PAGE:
Electric Machinery Fundamentals 5th Edition, ISBN-13: 978-0073529547
[PDF eBook eTextbook]
- 704 pages
- Publisher: McGraw-Hill Education; 5 edition (February 17, 2011)
- Author(s): Stephen J. Chapman
- Language: English
- ISBN-10: 9780073529547
- ISBN-13: 978-0073529547
Note: Brand New, Printed in black and white pages.
Chapman continues to share his up-to-date knowledge and experiences in the field in an engaging and understandable style.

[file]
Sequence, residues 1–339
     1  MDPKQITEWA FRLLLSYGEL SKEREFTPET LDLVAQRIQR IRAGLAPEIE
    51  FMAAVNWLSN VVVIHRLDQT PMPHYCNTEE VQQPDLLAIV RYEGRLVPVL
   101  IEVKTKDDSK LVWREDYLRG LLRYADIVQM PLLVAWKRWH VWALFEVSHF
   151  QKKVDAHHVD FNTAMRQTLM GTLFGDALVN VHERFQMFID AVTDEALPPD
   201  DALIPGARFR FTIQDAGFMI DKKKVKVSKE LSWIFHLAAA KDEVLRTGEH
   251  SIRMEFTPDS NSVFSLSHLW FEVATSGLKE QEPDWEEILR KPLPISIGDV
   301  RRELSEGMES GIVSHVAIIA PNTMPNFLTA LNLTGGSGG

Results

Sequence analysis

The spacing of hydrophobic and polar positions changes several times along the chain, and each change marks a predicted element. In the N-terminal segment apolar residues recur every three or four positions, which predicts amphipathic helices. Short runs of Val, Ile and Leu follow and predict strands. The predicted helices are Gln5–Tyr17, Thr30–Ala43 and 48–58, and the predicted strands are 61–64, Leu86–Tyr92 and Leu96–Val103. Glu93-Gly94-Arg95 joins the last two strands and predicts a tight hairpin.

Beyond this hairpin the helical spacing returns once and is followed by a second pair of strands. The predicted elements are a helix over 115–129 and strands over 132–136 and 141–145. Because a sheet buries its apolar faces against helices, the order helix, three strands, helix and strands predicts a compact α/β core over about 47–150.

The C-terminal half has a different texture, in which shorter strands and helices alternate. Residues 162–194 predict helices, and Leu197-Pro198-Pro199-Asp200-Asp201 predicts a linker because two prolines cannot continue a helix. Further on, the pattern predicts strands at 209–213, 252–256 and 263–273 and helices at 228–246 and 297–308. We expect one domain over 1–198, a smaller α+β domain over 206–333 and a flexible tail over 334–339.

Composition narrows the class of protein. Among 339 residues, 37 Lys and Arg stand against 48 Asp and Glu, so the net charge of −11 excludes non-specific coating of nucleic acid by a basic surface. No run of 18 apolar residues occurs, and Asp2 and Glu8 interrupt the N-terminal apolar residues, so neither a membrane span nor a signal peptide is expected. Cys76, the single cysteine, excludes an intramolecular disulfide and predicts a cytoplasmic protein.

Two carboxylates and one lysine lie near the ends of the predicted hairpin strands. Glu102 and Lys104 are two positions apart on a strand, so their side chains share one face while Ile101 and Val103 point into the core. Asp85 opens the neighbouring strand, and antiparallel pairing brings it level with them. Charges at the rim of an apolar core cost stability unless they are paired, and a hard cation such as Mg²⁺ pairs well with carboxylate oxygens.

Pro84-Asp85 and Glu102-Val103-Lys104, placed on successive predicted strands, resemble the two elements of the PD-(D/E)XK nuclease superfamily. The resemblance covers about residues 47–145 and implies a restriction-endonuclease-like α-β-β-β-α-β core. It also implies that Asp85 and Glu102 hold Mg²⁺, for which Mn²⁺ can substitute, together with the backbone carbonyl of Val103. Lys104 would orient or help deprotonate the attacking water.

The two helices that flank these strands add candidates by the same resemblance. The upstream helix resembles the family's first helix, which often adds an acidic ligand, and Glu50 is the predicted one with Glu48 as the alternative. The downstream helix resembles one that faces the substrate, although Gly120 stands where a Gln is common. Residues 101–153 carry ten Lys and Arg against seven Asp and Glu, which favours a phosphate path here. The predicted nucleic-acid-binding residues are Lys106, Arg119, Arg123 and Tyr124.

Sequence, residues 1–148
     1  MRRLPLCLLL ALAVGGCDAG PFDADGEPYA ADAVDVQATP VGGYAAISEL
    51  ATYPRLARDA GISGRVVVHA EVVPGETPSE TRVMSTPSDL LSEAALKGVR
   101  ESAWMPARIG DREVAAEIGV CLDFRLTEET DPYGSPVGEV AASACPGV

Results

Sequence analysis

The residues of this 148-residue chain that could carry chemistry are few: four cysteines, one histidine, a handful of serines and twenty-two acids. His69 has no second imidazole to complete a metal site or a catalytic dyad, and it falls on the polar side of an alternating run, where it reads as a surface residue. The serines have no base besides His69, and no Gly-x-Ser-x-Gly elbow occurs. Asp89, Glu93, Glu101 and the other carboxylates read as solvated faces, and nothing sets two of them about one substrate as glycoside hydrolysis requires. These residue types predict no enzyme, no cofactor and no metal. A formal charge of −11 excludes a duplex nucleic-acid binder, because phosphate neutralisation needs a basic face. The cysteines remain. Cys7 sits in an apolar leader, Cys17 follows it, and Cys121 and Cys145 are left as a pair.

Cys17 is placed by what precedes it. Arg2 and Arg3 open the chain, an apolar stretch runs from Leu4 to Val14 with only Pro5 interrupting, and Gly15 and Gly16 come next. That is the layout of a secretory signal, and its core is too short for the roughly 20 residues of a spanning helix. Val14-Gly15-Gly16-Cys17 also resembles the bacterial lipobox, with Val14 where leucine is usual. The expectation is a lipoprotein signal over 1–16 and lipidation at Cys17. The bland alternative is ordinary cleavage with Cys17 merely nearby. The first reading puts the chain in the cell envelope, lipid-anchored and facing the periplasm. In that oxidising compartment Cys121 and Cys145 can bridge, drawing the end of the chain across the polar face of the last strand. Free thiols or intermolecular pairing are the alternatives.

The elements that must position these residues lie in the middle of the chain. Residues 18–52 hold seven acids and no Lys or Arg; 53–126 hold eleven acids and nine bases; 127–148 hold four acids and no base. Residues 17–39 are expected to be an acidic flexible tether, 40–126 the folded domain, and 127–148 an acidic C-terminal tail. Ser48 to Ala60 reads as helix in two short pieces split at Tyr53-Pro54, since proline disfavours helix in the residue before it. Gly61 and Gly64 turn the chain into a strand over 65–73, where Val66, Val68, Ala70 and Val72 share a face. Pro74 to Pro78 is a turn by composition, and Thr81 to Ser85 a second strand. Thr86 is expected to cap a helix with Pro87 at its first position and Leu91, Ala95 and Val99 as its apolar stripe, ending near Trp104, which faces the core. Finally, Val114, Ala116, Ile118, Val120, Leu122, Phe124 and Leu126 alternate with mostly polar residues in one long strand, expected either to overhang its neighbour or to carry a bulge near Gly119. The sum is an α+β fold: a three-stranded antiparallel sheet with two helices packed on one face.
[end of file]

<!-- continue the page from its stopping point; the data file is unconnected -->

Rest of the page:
“The first five chapters of this book really suffice for a good intro to electric machines. Can’t really say much negative at all except in chapter 7 in the section on the rotor circuit model. Here he uses an ad hoc claim that rotor circuit voltage is directly proportional to slip-true for any positive power of slip at locked rotor and sync, slip 1 and 0 respectively. Linearity totally unjustified. This is done to derive the proper slip dependent impedance. This impedance can be derived from the model and circuit theory taking motion into account with more work and this is valid but too difficult for a basic intro(actually by reference frame arguments the voltage too has a dependence on slip-nonlinear-and is not the constant locked rotor voltage-computer simulation needed). Forgivable considering the scope and intended audience-the claim just comes across as a plausibility which will lead to the slip having the right power-it’s an approximation that most if not all use in circuit model estimates. Nevertheless it deserves a 5-star particularly for treatment of transformers and ac machinery. As an aside I’ll give the justification for the author’s ad hoc claim. In the transformer model which is what is used in chapter 7 to model the 3-phase induction motor, the rotor circuit corresponds to the secondary winding of the transformer. The voltage induced in the secondary winding of the transformer is proportional to the frequency of the field that moves through the winding (through the iron core)-justified in chapter 2-Faraday’s Law applied at the secondary winding with rms averaging of the sinusoidal. This is a fixed or stationary winding with a varying magnetic field moving through it. Our rotor circuit must be viewed as stationary, i.e. we must find the frequency of the magnetic field as seen in the fixed rotor frame, this now looks like the secondary winding. Remembering the frequency of the magnetic field is essentially its angular speed (rotating field at constant speed), the frequency as seen in the fixed rotor frame is the field angular speed in this frame, which is the difference of the angular speeds (at a particular instant for the rotor!), but this is equivalent to slip times frequency of the magnetic field-you know where 2Pi goes. This then is slip times the secondary voltage-approximate since this secondary voltage is an rms value in the transformer equation. Q.E.D. His claim is now justified for the transformer model. The secondary voltage used is the locked rotor rms voltage, so in the end you get an estimate of average torque at a given slip-extended to a torque speed curve. Hope this clarification helps. A second book on power electronics would help. The chapter that used to be included on this was just an outline really.”
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